The National Action Plan (NAP) was created on December 25, 2014, in reaction to 133 children being murdered by the Taliban. Ostensibly, NAP was designed with the consent of all political parties, and the blessing of both civil and military leadership, as a comprehensive document detailing ideal steps to rid Pakistan of the menace of terrorism and militancy. Two years on, this idealism is tempered by ground realities, the limited ambit of political will, and a tenacious, unrelenting enemy. Thus, Pakistan’s course of action is nebulous, unrealized, and incomplete.
The first point in the NAP is the controversial lifting of the moratorium on the death penalty. The problem is that there is no mechanism to selectively apply the lifting of the moratorium to a particular group of death row inmates. Once it is lifted, all on death row must be put to death. During the first 13 months, there was a surge in executions, 345 to be exact, catapulting Pakistan to the country with the second highest number of executions worldwide. This year, that figure has crept up to 419. This impedance in the frequency of executions comes from pressure from civil society and rights groups. The government was mired in scandals earlier this year as it tried to execute a quadriplegic inmate. A scathing report recently also showed that the bulk of executions, an alarming 98 percent, are not related to terror convictions at all.
Setting up military courts (MCs) to convict terror suspects faster was another salient feature of the NAP. In the first full year, these courts convicted 40 individuals. In the second year, this number has risen to 85. Considering that a province like Sindh, which accounts for about 17 percent of the country’s population, had 3,360 pending cases in anti-terrorism courts (ATCs), and some cases have been in limbo for up to eight years, this rate of convictions from the MCs is simply insufficient to deal with the scale of the problem. MCs, while constitutional and legal, are not the long-term solution to a systemic problem.
Proscribed outfits in Pakistan have several points in the NAP dedicated to the mitigation and curtailment of their operations, communication networks, and funding sources. The government maintains a list of 63 banned organizations, but this list has been around since well before the NAP, and only the Islamic State (ISIS) has been added to it since the NAP went into effect in the first year. Two additional organizations were added this year, Jamat Ul Ahrar (JuA) and Lashkar-e-Jhangvi Al Alim (LeJA). However, being a proscribed organization has little meaning, as there are consistent reports of their members moving freely, holding rallies and public gatherings, openly inciting hatred and bigotry, and being given airtime. Schedule IV should go into effect, restricting their movements and communications, but it is rarely applied. As proof, the country was shocked by the victory in a by-election of Masroor Nawaz Jhangvi, a veritable person of interest under the fourth schedule, a son of the founder of one of the most violent sectarian groups in the country. But even this fails in comparison to reports of the Interior Minister Chaudhary Nisar meeting with the heads of banned organizations in the country.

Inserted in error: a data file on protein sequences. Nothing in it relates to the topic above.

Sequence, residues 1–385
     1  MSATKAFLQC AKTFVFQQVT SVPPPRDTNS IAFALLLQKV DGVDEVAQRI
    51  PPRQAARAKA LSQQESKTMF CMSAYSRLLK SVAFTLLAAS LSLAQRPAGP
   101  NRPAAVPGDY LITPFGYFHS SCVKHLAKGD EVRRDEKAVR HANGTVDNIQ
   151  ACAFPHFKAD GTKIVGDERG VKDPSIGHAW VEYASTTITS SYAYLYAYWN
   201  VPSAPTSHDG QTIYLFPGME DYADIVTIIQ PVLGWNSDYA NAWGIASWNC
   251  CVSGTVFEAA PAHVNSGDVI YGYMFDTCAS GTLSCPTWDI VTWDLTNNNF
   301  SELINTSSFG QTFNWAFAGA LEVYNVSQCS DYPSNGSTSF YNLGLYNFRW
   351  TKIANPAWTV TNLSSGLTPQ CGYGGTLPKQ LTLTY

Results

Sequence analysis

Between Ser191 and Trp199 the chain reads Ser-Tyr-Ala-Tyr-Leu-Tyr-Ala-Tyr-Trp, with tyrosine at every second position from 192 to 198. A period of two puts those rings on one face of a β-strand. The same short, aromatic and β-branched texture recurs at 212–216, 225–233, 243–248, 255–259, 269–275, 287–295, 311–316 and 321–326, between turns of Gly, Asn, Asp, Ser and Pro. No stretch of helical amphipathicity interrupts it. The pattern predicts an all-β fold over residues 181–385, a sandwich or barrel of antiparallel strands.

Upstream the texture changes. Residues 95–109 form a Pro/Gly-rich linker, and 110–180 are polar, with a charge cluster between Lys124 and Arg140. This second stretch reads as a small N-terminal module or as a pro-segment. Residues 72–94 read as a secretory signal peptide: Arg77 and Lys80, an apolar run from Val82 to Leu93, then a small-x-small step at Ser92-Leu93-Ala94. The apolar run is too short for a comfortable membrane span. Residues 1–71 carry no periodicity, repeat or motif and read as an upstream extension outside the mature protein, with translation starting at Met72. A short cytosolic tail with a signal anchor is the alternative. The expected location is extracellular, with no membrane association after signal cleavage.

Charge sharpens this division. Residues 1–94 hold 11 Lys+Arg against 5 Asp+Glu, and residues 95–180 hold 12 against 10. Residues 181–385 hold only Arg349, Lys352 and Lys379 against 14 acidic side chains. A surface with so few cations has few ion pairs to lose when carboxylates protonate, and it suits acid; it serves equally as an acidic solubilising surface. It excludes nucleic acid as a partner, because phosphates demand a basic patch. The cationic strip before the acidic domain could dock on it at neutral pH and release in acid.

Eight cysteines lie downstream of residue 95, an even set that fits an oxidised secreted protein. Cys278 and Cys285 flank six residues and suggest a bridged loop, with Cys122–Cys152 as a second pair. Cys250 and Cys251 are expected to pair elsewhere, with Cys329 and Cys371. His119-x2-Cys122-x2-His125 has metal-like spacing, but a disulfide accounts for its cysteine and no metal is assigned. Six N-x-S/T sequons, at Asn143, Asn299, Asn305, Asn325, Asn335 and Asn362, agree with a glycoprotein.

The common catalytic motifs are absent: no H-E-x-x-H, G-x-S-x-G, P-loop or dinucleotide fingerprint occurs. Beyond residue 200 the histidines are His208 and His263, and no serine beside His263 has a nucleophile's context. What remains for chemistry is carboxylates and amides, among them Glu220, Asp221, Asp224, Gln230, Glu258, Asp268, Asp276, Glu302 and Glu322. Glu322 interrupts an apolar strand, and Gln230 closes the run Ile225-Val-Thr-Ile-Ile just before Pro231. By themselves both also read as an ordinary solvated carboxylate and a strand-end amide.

Counterterrorism, understandably, is a big aspect of the NAP, which details steps to strengthen the National Counter Terrorism Authority (NACTA), establishes a dedicated counterterrorism force, and sets generic goals as well as specific goals for improvement in the overall security situation. NACTA remains a significant challenge as the political will needed to strengthen the organization is fleeting at best. The government continues to claim, without proof, that NACTA is fully operational and functional, raising questions about its commitment and solemnity. Since the enactment of the NAP, there has not been a single meeting of the NACTA board of governors, and despite the belated allocation of funds, it has failed to set up a Joint Intelligence Directorate (JID).